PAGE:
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The Electrostatic Force Microscopy (EFM) is a
non-contact method which allows us to measure the electronic
potential difference between the cantilever tip and the sample
with a horizontal resolution of ~100nm and to within a few tens
of milliVolts. The technique generally only works with conductive
samples, or, at least, samples supported on large conductive
substrates reasonably close beneath them.
As in standard noncontact modes, the cantilever is oscillated
about it's resonance and held a small distance (~100nm) above
the sample. Although the cantilever is oscillated by applying
a sinusoidal voltage to a piezo upon which it is mounted (see
the SFM page for an explanation of noncontact techniques), the
cantilever is electrically isolated from the piezo. We exploit
this fact by applying another AC signal, this time directly
to the cantilever and at a different frequency from the mechanical
resonance of the cantilever. In addition, we apply a DC signal
to the tip along with the AC one.
So we now have two AC signals and one DC signal. The first AC
signal is applied to the piezo and shakes the cantilever at
resonance. The second is applied to the cantilever itself and
is of a markedly different frequency.
Now, consider what happens when the sample is at ground potential
and the tip isn't (due to the DC signal--the AC signal is, on
average, zero). There will be a force between them (due, to
a first approximation, by a net charge difference between the
tip and the sample). Since the charge on the tip varies sinusoidally
at a fixed frequency, the force will vary at the same frequency.
This will cause the tip to vibrate at the same frequency. Just
as we can pick out the amplitude of vibration at mechanical
resonance with a lockin amplifier, we can pick out this electronic
vibration with a second lockin.
At first blush this may seem overly complicated. Since it is
the DC signal that results in a net charging of the cantilever
(from which the force appears), why not just stick with a DC
The answer is a question: How would you measure the electric
force? Applying a DC offset to the cantilever will cause it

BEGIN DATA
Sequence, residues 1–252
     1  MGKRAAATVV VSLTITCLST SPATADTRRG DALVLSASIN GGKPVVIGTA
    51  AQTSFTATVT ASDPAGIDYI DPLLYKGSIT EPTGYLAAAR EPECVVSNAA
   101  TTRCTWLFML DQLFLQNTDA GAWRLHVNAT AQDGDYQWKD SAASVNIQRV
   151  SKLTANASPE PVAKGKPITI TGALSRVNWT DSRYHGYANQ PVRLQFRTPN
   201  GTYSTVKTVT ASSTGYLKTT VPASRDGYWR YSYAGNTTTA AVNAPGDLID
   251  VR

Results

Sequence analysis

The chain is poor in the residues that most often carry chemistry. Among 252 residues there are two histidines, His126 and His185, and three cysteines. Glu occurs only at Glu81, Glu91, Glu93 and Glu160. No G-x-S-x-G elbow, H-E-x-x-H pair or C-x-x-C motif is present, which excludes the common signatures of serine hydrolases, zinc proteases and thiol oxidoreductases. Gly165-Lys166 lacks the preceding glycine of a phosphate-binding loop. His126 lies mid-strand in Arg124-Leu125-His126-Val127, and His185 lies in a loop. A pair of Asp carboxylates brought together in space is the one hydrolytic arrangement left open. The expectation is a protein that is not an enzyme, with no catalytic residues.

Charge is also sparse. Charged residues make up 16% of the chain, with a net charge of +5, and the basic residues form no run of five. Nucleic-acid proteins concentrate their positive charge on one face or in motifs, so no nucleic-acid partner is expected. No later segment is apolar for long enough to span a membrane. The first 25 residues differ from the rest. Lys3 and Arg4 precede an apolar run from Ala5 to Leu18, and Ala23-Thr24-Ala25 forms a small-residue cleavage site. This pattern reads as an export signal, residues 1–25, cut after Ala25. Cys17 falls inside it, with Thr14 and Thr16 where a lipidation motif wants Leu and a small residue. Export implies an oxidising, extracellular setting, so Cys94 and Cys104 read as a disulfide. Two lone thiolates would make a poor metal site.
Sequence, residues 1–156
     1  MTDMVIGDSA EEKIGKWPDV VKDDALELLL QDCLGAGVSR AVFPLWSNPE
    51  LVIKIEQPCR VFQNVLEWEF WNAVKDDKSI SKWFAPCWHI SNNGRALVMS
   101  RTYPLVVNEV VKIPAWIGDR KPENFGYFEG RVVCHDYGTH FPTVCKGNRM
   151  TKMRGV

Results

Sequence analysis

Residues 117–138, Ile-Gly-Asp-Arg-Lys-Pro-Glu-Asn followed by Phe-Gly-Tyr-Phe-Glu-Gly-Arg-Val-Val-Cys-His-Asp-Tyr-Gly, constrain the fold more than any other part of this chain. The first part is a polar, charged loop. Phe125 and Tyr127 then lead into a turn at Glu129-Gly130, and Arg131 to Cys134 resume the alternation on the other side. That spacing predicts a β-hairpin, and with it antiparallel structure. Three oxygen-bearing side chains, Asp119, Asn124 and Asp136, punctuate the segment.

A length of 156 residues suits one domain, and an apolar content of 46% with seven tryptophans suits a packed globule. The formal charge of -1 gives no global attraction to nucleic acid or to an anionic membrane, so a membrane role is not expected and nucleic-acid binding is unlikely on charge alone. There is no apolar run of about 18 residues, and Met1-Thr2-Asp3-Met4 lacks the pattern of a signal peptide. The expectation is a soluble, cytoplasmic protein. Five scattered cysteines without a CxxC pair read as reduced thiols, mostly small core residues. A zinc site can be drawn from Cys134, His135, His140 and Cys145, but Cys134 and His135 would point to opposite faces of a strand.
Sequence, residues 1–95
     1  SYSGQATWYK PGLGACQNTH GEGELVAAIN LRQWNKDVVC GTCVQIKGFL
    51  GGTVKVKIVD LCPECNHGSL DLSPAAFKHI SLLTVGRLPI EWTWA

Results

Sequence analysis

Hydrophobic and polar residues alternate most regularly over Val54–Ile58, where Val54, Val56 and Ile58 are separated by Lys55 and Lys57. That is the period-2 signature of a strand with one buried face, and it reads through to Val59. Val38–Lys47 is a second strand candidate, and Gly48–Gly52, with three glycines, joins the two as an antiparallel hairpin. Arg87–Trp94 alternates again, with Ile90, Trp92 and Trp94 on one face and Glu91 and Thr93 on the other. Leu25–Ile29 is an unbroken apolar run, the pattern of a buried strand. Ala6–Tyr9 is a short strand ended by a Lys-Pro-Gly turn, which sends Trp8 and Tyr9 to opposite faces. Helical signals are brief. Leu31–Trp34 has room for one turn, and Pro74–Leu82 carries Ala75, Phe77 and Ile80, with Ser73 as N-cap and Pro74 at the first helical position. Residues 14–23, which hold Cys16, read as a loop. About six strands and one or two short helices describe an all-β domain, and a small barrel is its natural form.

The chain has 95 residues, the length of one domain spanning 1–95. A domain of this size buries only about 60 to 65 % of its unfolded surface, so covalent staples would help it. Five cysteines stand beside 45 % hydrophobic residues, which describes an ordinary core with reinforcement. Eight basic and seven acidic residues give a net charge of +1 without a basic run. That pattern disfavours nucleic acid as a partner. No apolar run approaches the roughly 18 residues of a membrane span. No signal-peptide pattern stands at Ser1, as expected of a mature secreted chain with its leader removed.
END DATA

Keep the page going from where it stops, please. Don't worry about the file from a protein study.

to bend toward the surface, but we have no way to directly measure
that since we're shaking the tip at it's mechanical resonance
and we have an active feedback loop running to keep the tip
a fixed distance from the sample.
By applying an AC signal on top of the DC signal, we make the
tip wiggle at the AC frequency. Then we can use the same kind
of equipment to measure the amplitude of that wiggle that we
use to measure the amplitude of mechanical oscillation.
A detailed discussion of EFM can be found in Steve Howell's
PhD thesis. In particular, it discusses how the DC signal effects
the amplitude of the AC vibration.
As the tip is scanned over the surface, the amplitude of vibration
at the electronic driving frequency is recorded. In this way
a 3D image is constructed of the magnitude of the electronically
driven oscillation. If different portions of the sample have,
say, a net charge, this will effect the electronic force between
the tip and sample at that point, this will then show up on
the scanned image.
One can also make single point measurements. By holding the
tip above a fixed position on the sample and varying the DC
offset applied to the tip, we can map out the magnitude of the
elctronic force over a range of voltages. This technique can
provide a very sensitive measure of the potential of the sample.
We have used this technique to measure the electronic potential
of self assembled monolayers of molecules on gold surfaces as
well as the photovoltage developed by the protein bacteriorhodopsin
under illumination by a diode laser.